Hedge funds zoom in on mutual funds

Firms seek to diversify client roster and profit from the moves to defined contribution plans

042913 callin
Sabrina Callin says most investors in PIMCO's fund are institutions.

Hedge fund managers are looking to the mutual fund industry for their next source of growth.

With the relentless shift to defined contribution plans from defined benefit plans, hedge fund managers are looking to DC plans to diversify their client base.

“I think this is a spectacular opportunity. The 40 Act (the Investment Company Act of 1940, which regulates mutual funds) has real, tangible benefits for retail investors, and you will see some world-class hedge funds entering the liquid alternatives space,” said Neil Siegel, managing director and head of New York-based Neuberger Berman Group LLC's global marketing and product development.

Evan Mizrachy, the San Francisco-based head of retail alternatives for BlackRock (BLK) Alternative Investments, agreed, saying: “There's such a strong greenfield opportunity right now. Retail investors, including defined contribution plan investors, don't have enough alternatives in their portfolios. At the same time, institutional investors have enough hedge funds and mostly will be doing manager upgrades.”

BlackRock's three hedge fund mutual funds had combined assets of $1.6 billion as of March 31, a mere blip within the firm's $3.9 trillion of assets under management. Neuberger Berman managed $219 million in its single hedged mutual fund as of the same date, a drop in that firm's $205 billion in assets.

Still, investment consultants are not convinced that liquid versions of hedge funds are a good fit for defined contribution plans or for smaller defined benefit plans, endowments and foundations.

The requirement for daily liquidity tends to limit the hedge fund manager's investment universe, potentially diluting performance, consultants said. High fees further reduce performance.

Aggregate assets invested in hedge fund mutual funds didn't total even 1% of the $13.1 trillion in U.S. mutual fund assets as of Dec. 31, according to Investment Company Institute data. But sources aren't daunted by that.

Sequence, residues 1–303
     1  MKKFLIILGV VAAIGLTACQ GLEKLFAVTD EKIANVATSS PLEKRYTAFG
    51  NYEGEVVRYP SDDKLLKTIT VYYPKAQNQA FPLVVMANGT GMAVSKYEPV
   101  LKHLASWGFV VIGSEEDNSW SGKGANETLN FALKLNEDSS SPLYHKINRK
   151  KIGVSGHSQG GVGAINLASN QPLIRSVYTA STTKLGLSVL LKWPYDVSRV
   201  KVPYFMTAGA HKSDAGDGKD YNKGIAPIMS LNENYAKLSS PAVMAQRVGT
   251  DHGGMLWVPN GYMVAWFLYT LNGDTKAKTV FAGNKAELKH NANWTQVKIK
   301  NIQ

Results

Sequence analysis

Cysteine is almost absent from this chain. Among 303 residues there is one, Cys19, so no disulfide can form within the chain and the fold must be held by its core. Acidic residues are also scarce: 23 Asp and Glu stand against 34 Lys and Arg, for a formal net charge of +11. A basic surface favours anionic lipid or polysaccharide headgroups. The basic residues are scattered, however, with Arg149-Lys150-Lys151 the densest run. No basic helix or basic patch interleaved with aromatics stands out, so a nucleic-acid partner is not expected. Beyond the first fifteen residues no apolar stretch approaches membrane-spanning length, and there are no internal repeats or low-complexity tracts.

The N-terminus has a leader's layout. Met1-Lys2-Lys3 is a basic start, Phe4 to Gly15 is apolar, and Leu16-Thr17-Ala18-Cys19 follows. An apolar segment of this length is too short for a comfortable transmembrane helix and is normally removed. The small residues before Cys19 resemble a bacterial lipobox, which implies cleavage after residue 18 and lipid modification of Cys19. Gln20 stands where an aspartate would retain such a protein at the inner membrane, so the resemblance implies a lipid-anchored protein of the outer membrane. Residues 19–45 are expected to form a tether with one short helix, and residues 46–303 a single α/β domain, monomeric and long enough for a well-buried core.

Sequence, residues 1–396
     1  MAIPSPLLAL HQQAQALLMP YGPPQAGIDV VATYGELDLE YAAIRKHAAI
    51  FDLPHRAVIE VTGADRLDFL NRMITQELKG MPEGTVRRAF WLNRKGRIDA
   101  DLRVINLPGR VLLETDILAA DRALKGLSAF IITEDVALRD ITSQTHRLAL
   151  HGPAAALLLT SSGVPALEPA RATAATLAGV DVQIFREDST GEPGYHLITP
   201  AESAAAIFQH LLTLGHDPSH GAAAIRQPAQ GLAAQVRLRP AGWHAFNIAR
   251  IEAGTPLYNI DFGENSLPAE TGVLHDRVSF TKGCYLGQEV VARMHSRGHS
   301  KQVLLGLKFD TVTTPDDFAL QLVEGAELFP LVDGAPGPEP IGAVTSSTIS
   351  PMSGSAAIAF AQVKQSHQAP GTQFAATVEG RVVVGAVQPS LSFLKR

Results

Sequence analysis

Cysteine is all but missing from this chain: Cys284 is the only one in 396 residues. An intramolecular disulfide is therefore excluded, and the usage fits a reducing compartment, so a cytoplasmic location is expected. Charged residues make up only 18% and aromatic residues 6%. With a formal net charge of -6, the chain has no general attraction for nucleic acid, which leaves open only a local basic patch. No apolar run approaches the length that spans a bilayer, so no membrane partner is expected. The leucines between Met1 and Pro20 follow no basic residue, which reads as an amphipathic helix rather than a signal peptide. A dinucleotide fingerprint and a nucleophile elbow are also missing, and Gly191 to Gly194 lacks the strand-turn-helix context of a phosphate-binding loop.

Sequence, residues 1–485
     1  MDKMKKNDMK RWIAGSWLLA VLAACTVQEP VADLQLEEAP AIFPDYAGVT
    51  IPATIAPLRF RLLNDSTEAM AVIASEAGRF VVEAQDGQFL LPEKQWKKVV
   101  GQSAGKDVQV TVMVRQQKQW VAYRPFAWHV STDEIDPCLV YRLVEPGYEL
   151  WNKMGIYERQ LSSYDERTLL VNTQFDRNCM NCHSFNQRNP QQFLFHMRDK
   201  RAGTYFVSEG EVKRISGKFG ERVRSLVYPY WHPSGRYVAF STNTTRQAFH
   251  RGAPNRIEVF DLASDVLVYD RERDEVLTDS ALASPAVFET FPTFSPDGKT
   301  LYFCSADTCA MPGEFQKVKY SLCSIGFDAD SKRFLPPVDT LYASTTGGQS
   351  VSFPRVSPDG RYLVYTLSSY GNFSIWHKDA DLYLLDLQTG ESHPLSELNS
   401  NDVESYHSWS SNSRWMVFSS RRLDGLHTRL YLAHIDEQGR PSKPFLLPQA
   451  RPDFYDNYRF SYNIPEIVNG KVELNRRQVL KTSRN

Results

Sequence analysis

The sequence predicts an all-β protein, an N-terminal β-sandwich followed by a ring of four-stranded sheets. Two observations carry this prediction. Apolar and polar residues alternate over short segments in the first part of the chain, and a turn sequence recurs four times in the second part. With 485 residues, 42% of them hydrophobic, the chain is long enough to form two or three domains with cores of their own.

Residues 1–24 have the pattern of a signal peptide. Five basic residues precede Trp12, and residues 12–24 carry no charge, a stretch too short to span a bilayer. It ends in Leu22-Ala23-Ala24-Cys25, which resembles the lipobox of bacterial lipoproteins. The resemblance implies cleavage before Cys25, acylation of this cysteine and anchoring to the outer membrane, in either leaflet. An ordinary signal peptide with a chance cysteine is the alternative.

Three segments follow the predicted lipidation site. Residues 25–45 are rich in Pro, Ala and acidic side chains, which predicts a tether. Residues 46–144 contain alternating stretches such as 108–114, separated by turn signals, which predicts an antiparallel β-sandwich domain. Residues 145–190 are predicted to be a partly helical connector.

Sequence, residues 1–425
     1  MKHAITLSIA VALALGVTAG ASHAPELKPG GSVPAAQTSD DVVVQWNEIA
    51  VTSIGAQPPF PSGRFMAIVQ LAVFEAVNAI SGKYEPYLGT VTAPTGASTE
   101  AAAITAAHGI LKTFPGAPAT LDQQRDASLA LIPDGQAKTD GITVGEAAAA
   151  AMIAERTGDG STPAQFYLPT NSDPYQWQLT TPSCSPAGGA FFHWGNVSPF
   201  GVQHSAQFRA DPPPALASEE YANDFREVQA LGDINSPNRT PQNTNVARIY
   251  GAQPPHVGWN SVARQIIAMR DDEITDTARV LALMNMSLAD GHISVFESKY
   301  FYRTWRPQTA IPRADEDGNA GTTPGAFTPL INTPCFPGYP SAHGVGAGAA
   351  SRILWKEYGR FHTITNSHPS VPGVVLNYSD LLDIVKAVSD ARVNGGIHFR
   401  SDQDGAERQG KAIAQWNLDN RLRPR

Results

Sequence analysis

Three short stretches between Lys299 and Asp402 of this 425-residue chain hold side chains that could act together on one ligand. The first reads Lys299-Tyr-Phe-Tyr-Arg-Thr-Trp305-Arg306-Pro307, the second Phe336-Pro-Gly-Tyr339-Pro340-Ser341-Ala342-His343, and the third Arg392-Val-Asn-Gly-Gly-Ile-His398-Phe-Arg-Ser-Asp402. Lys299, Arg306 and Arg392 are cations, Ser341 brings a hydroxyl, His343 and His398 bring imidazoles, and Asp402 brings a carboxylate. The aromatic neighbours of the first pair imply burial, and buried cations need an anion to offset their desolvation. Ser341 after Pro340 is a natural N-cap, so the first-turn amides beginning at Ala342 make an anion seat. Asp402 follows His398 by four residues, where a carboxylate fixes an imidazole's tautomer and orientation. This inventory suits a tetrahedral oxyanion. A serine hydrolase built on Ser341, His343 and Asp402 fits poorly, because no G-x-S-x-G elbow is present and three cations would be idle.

Assets in hedge fund strategy mutual funds grow 140%

CategoryNet assets
as of Dec. 31,
2007
Net assets
as of Dec. 31,
2012
Bear market$3,013.93$6,790.97
Currency$5,960.30$11,681.62
Long/short equity$13,713.90$25,756.75
Managed futures$244.10$8,570.23
Market neutral$8,434.06$19,529.75
Multialternative$5,335.76$17,495.77
Trading-inverse commodities$40.97$12.11
Trading-inverse debt$694.58$433.94
Trading-miscellaneous$120.23$2.74
Total$37,557.82$90,273.88
Source: Morningstar Inc.

The growth of hedge fund mutual funds, also known as liquid alternative funds, has been strong: Assets invested in these funds grew 140% to $90.3 billion in the five years ended Dec. 31, according to analysis provided by Morningstar Inc.

The number of liquid alternative mutual funds more than doubled to 838 as of Dec. 31, from 343 at the end of 2007.

“Ninety percent of the mutual fund world is marketing hedged mutual funds. We started doing this before it was cool,” said Michael Aronstein, president, portfolio manager and chief investment officer of Marketfield Asset Management LLC., New York.

Ranked by P&I

Using Morningstar's list of hedge fund mutual funds as of Dec. 31 and incorporating each fund's assets under management as of April 16 from Bloomberg and company data, Pensions & Investments ranked both the largest funds and largest money managers by assets.

Largest hedge fund strategy mutual funds and managers

Largest managers by firmwide assets
RankManagerAssets
1 PIMCO Funds $49,800
2 Natixis Funds $9,851
3 New York Life/Mainstay Funds $7,811
4 AQR Funds $6,877
5 Westchester Capital/The Merger Fund $4,464
6 Absolute Investment Advisors $4,262
7 John Hancock Funds $4,246
8 GMO Funds $3,845
9 J.P. Morgan Funds $3,112
10 Water Island Capital/The Arbitrage Fund $2,981
 
Largest hedge fund strategy mutual funds
RankMutual fundAssets
1MainStay Marketfield Fund 1$7,811
2Gateway Fund A$7,752
3PIMCO Emerging Markets Currency A$6,801
4PIMCO StockPlus AR Short 1$6,186
5The Merger Fund$4,464
6Absolute Strategies Fund 1 $3,888
7GMO Alpha Only Fund 3$3,845
8AQR Managed Futures Strategy Fund 1$3,151
9The Arbitrage Fund R$2,931
10Calamos Market Neutral Inc. Fund A$2,667
Source: Bloomberg LP, Morningstar, company information

The MainStay Marketfield Fund I was the largest hedge fund mutual fund in P&I's ranking, with $7.8 billion under management, according to Bloomberg.